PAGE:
The MLO Minute: By Nancy Potter, Esq.
At our firm, we handle a great many cases on behalf of children with special education needs, and every case we accept is one where we believe that the child and family are entitled to improved educational services. Therefore, in those cases where we proceed to a special education due process hearing and do not prevail, we carefully assess how we might succeed on appeal to federal court.
Prevailing in federal court where an adverse decision has been issued is often a daunting task. But our attorneys have more collective experience in federal court matters then virtually any other special education practice, and we constantly keep abreast of critical legal developments and research creative approaches to best serve the students and families we represent. These efforts and our extensive experience allow us to succeed in federal court appeals despite having not prevailed at the original hearing.
A recent example of a case where this diligence and perseverance paid off was the case of Barry B. v. Delaware College Preparatory Academy. In that case, a Delaware hearing panel refused to consider any claims made by the family, holding that all issues were barred by the statute of limitations under federal law. We strongly disagreed with this panel ruling, as a number of the claims were, in our view, clearly made within the allowable timeframe (generally two years but sometimes longer) under federal special education law. Even though a federal district judge in Delaware agreed with the hearing panel, we appealed again to the United States Court of Appeals for the Third Circuit. That court agreed with our position and held that all claims which were made within two years of the filing of the due process complaint must, without exception, be heard by the hearing panel, thus providing the family with a route to relief which had been denied at the due process hearing and in the initial federal court decision.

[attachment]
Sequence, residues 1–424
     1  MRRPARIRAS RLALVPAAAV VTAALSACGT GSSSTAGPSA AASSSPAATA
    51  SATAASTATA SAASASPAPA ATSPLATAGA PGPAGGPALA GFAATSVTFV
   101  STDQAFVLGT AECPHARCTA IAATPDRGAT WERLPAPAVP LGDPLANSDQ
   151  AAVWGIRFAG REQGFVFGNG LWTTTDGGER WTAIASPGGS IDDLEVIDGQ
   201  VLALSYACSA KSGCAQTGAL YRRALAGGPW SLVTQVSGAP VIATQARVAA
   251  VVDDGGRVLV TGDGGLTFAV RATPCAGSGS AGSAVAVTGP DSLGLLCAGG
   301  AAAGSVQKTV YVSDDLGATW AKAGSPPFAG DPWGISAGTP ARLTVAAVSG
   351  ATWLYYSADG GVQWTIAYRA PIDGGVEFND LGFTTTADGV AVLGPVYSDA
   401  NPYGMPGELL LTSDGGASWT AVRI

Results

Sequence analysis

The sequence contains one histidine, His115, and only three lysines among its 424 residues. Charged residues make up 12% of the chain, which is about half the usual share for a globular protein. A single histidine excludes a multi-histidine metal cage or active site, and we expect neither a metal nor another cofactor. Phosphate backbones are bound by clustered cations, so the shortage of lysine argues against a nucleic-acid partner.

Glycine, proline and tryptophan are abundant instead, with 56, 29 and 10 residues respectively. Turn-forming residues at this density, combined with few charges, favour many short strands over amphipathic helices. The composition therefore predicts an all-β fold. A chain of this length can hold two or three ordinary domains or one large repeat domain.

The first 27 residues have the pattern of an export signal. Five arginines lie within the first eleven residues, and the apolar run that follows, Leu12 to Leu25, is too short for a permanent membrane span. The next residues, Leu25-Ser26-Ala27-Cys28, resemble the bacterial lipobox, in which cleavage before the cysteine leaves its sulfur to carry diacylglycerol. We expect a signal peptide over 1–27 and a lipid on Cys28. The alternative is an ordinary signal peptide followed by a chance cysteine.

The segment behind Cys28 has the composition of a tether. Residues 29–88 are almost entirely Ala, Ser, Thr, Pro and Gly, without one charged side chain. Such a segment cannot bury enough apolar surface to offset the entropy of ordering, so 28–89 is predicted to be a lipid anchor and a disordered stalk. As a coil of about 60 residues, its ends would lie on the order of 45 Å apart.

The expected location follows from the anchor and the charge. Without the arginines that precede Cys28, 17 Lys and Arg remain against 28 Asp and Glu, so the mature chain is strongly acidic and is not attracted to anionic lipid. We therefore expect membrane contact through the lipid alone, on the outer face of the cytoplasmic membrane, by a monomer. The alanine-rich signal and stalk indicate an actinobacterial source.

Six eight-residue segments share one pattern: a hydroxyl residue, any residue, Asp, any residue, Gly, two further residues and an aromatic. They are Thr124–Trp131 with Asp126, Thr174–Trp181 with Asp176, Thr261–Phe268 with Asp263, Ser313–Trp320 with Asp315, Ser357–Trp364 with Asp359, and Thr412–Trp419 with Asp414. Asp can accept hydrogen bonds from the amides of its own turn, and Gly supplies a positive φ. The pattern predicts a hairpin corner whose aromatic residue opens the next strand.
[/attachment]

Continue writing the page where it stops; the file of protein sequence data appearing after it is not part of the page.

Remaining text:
This particular case is important for our Pennsylvania clients as well as Delaware, as both states are under the jurisdiction of the US Court of Appeals for the Third Circuit. That means that our win in this case is really a win for all of our clients in Pennsylvania and Delaware.
An essential part of our practice is advocating vigorously for our clients. Where we believe a clear legal error has been made, and an avenue to appropriate relief is apparent, we are unafraid to proceed further to pursue a just result.
Nor should financial considerations prevent families with a child with disabilities from having access to the adjudicative system to obtain appropriate services for their child. We provide free consultations in special education matters, and a great many of our cases are handled without hourly charges for our work on behalf of families. Call us today or Contact Us Here!